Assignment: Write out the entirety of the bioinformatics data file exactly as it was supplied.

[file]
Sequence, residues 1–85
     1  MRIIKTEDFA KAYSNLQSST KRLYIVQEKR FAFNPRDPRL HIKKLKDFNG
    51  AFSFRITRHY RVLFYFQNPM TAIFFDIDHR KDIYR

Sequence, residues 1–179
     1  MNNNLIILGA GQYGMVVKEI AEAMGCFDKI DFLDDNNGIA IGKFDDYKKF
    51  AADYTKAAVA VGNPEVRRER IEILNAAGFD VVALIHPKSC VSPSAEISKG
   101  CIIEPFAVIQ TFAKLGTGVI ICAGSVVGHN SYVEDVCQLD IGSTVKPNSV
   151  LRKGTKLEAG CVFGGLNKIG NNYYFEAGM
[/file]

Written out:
Sequence, residues 1–85
     1  MRIIKTEDFA KAYSNLQSST KRLYIVQEKR FAFNPRDPRL HIKKLKDFNG
    51  AFSFRITRHY RVLFYFQNPM TAIFFDIDHR KDIYR

Sequence, residues 1–179
     1  MNNNLIILGA GQYGMVVKEI AEAMGCFDKI DFLDDNNGIA IGKFDDYKKF
    51  AADYTKAAVA VGNPEVRRER IEILNAAGFD VVALIHPKSC VSPSAEISKG
   101  CIIEPFAVIQ TFAKLGTGVI ICAGSVVGHN SYVEDVCQLD IGSTVKPNSV
   151  LRKGTKLEAG CVFGGLNKIG NNYYFEAGM